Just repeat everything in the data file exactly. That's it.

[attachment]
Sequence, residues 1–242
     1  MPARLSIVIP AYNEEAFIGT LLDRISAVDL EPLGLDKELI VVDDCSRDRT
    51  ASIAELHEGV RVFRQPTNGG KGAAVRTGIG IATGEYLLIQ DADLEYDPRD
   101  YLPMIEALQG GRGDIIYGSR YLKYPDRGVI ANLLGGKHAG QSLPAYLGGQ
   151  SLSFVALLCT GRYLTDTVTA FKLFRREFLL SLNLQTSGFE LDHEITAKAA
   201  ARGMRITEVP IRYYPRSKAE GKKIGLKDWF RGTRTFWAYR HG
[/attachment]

Sequence, residues 1–242
     1  MPARLSIVIP AYNEEAFIGT LLDRISAVDL EPLGLDKELI VVDDCSRDRT
    51  ASIAELHEGV RVFRQPTNGG KGAAVRTGIG IATGEYLLIQ DADLEYDPRD
   101  YLPMIEALQG GRGDIIYGSR YLKYPDRGVI ANLLGGKHAG QSLPAYLGGQ
   151  SLSFVALLCT GRYLTDTVTA FKLFRREFLL SLNLQTSGFE LDHEITAKAA
   201  ARGMRITEVP IRYYPRSKAE GKKIGLKDWF RGTRTFWAYR HG